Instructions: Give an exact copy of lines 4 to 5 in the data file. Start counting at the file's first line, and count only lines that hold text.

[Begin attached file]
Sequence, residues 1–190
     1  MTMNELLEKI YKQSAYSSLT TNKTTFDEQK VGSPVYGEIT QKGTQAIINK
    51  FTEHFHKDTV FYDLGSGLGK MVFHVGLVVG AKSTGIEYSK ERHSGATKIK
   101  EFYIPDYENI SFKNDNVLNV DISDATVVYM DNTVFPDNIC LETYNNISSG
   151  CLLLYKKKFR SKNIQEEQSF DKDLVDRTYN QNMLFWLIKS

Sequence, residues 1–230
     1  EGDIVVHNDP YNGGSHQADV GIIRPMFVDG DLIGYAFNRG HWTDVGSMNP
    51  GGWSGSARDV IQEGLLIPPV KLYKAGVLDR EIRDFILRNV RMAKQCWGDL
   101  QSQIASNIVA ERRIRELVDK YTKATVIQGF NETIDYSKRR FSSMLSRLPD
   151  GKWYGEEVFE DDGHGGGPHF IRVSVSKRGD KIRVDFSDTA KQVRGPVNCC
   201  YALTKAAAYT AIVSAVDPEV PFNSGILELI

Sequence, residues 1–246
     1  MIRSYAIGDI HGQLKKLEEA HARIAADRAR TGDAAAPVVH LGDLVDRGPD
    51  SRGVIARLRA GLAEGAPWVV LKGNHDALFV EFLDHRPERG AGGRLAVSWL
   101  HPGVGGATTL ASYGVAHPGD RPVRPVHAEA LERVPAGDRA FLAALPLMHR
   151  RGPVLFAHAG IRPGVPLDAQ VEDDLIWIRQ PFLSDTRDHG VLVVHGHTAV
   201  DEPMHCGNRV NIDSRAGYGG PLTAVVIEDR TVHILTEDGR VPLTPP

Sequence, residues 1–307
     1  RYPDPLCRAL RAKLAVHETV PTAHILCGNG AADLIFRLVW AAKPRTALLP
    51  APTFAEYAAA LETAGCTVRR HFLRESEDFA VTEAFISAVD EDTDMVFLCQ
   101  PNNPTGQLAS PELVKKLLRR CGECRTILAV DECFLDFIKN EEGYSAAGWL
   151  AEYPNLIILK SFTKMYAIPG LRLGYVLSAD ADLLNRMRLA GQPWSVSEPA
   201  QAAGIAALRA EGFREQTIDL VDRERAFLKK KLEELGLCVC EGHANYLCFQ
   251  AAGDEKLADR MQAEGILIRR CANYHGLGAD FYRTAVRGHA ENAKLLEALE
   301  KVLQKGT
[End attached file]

   101  EFYIPDYENI SFKNDNVLNV DISDATVVYM DNTVFPDNIC LETYNNISSG
   151  CLLLYKKKFR SKNIQEEQSF DKDLVDRTYN QNMLFWLIKS